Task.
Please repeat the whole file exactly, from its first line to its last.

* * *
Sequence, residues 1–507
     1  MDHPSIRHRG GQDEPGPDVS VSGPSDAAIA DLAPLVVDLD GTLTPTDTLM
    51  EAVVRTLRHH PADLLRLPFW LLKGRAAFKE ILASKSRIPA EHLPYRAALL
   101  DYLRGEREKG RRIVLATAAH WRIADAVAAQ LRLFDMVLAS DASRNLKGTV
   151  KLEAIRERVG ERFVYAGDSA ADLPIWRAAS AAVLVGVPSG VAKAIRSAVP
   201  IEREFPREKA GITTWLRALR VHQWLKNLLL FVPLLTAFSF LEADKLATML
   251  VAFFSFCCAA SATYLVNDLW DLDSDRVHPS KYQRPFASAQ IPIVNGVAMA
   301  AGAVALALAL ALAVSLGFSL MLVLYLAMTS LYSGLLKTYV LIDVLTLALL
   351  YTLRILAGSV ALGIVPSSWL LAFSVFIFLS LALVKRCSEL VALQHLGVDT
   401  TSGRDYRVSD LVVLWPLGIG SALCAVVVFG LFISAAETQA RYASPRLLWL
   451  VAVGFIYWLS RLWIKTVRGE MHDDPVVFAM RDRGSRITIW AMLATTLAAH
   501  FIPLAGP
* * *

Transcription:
Sequence, residues 1–507
     1  MDHPSIRHRG GQDEPGPDVS VSGPSDAAIA DLAPLVVDLD GTLTPTDTLM
    51  EAVVRTLRHH PADLLRLPFW LLKGRAAFKE ILASKSRIPA EHLPYRAALL
   101  DYLRGEREKG RRIVLATAAH WRIADAVAAQ LRLFDMVLAS DASRNLKGTV
   151  KLEAIRERVG ERFVYAGDSA ADLPIWRAAS AAVLVGVPSG VAKAIRSAVP
   201  IEREFPREKA GITTWLRALR VHQWLKNLLL FVPLLTAFSF LEADKLATML
   251  VAFFSFCCAA SATYLVNDLW DLDSDRVHPS KYQRPFASAQ IPIVNGVAMA
   301  AGAVALALAL ALAVSLGFSL MLVLYLAMTS LYSGLLKTYV LIDVLTLALL
   351  YTLRILAGSV ALGIVPSSWL LAFSVFIFLS LALVKRCSEL VALQHLGVDT
   401  TSGRDYRVSD LVVLWPLGIG SALCAVVVFG LFISAAETQA RYASPRLLWL
   451  VAVGFIYWLS RLWIKTVRGE MHDDPVVFAM RDRGSRITIW AMLATTLAAH
   501  FIPLAGP